It is very difficult to report on mixed team events because every match can bring drama, stories, underdog excellence and excitement. In Portugal the Odivelas World Mixed Team Championships Juniors includes all of those things and it’s inherently watchable and fun and makes our hearts beat faster than they should.
The morning warm-up on the main mat in Odivelas.

The first contest of the first match, between Azerbaijan and India, saw Kanwarpreet Kaur take the first point of the day, for India, against Nigar Suleymanova. The next three wins went to team Azerbaijan but then Sharma brought some tension, winning against Abdullayeva and bringing the score to 3-2. Yes, the next contest was won by Azerbaijan and yes India went out but we are seeing the gradual climb in Indian judo, from the 2022 world cadet champion to taking wins against strong teams at the junior worlds.

Sharma (IND) holds to bring India back into contention.

From the point of this win, Azerbaijan continued to struggle. Their’s is a team peppered with medal winners from the year just passing and included new junior world champion Galandarzade, for example. However, against France they lost 4-2 and had to make do with a repechage match in order to come close to the medal stages. There, against Kazakhstan they were safe.

Preve (FRA) vs. Galandarzade (AZE)

Let’s also think about the round of 16 match between Uzbekistan and Georgia and how much the spirit and the determination to not let the team down drives athletes to be better than the best they thought they were capable of. With the scoreline at 3-2 to Georgia, Samanov (UZB) stepped forward to face Koberidze (GEO) in the -90 kg contest. It went something like this: waza-ari GEO...

Koberidze scored first but not last!

...waza-ari UZB, shido GEO, waza-ari-awaseti-ippon UZB, random draw for golden score decider and -90kg pops up again, weak attack from GEO, UZB capitalise in ne-waza and secure the hold. In the end, from a waza-ari down and Uzbekistan on their way out of the competition, Samanov pulled it back magnificently to draw and then win for his team. He could well be an MVP of the day!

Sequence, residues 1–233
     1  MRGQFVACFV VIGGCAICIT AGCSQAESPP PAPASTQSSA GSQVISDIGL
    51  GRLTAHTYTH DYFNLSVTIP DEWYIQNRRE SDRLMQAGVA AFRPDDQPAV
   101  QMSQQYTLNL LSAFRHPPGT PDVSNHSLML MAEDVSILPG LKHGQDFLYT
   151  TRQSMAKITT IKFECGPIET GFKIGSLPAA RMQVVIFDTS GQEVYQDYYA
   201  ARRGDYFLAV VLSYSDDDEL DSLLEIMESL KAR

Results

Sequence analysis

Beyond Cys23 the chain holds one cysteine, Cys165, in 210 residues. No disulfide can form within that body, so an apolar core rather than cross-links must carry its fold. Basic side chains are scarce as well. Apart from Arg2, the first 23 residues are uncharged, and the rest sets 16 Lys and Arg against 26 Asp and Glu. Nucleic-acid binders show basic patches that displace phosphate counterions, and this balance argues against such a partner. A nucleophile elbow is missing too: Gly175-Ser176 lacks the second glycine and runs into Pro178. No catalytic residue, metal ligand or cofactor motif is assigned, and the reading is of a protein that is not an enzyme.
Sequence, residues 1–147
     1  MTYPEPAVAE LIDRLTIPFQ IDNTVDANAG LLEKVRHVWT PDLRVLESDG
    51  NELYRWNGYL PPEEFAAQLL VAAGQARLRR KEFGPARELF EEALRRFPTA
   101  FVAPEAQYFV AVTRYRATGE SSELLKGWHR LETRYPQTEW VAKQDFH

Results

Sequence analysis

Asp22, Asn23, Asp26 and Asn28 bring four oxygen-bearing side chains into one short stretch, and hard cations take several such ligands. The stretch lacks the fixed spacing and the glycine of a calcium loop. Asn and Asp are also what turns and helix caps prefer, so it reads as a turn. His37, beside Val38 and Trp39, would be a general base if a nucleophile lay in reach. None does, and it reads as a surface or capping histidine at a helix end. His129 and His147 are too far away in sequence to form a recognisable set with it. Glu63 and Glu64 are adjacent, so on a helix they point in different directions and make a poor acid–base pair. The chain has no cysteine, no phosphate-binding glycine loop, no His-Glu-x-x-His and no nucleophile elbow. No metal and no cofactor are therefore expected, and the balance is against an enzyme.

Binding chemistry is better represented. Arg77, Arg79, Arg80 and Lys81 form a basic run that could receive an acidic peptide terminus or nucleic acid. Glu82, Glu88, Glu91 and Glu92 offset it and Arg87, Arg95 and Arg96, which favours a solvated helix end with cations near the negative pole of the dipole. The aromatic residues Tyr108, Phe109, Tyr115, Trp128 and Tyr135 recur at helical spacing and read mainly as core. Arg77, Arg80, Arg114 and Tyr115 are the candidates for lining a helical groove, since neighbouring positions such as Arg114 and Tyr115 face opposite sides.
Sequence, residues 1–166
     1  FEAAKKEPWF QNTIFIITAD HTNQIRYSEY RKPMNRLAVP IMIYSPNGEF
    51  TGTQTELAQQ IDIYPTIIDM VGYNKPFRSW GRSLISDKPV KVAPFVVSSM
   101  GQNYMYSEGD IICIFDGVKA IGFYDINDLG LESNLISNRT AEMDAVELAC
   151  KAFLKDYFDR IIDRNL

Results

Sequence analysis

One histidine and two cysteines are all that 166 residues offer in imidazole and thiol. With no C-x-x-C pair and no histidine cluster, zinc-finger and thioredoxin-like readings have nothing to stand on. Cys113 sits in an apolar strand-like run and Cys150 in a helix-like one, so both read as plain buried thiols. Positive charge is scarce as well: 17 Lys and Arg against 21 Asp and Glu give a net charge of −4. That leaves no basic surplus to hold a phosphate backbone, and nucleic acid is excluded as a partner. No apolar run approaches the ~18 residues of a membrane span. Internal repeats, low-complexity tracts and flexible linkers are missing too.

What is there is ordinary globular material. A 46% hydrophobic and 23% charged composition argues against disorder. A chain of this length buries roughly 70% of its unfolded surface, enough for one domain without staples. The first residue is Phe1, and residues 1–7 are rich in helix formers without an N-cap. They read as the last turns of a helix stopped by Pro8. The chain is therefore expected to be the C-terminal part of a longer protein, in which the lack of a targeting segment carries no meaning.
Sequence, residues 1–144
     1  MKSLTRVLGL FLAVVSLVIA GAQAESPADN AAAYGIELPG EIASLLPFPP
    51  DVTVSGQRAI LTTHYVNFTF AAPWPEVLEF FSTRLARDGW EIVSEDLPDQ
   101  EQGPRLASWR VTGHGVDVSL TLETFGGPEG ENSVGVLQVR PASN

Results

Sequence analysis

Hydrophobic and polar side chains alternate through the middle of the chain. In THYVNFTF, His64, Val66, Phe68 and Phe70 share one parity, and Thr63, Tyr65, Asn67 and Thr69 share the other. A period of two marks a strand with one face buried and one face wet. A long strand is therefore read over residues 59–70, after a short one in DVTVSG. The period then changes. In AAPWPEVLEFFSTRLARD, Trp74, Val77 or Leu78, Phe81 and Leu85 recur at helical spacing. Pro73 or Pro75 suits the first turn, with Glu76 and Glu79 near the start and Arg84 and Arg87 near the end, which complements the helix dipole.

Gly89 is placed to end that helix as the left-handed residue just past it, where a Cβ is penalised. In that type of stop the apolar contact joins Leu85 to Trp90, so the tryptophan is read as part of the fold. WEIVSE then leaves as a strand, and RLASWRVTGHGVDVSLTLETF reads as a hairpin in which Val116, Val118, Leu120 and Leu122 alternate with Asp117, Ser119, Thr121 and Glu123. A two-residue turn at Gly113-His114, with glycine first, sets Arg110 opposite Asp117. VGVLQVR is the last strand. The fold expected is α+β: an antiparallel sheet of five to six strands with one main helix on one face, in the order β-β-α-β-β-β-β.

Pool D wasn’t particularly friendly to anyone, it must be said, with Turkiye, Japan, Uzbekistan and Georgia all vying for just two places to keep moving forward. Georgia didn’t make it and neither did Turkiye. We know from the individual competition, in which Japan dominated by winning an incredible 9 out of 14 possible gold medals, that Japan is not here to play. Their team on day 5 appeared no more shakable than its individual members and they moved past Uzbekistan with ease, 4-0. That ease though, was the excellence of Japan and not a lack of it from Uzbekistan and in the repechage it was a whitewash of a win, Uzbekistan charging into a bronze medal match with a 4-0 victory over the Netherlands.

Japan won against Uzbekistan.

The semi-finals pitted France against a vocal and buoyant home team on the centre mat while Japan faced Brazil on mat 3. Staying with the Portuguese team, because their match was perhaps less certain of outcome than that of mat 3, it began with European Cadet champion Maria Silveira at -57 kg, one of the gold medallists at the almost 1000-strong Teplice European Cadet Cup earlier this year. She faced the world number 8 at juniors but from the weight below. Silveira is a seoi-nage specialist and her age and arguably her training bring pace and courage. She won the contest with a waza-ari scored in extra time and the spectators loved it!

Maria Silveira takes her win for the home team.

Preve (FRA) evened things up ahead of France’s new world -21 champion stepping up for her challenge. Tais Pina was unafraid and with 3:07 still on the clock, looked as if she might take the win in ne-waza but her effort was neutralised. Two waza-ari scores then sealed Auchecorne’s victory and she made way for the -90 kg men to fight. Lima (POR) didn’t take long to apply what has been his trademark immediacy here in Odivelas, picking up his opposition and planting him squarely on his back to take it to 2-2.

Pedro Lima (POR)

Another cadet then stepped up, this time for France, Celia Cancan has a world cadet bronze medal but also a junior European cup gold, both from 2023. She may be young but in the team event the category is +70, not +78 kg and here, she is an expert. She put a score on the board early and added further pressure with her control of the contest area. Conceicao (POR) couldn’t withstand the kumi-kata and picked up two penalties in fast succession, meanwhile we saw Japan bow off the far mat with a 4-1 win ready to plan for their final; opposition yet to be decided.

Celia Cancan dominated.

Cancan eventually won by ippon and was followed by Anglionin, her teammate, who won his contest too. They took the 4-2 win over the home team, who have had a fantastic preliminary session and will be tough to beat in the bronze medal match. France again make it to a world mixed team final and their opponents are not strangers either.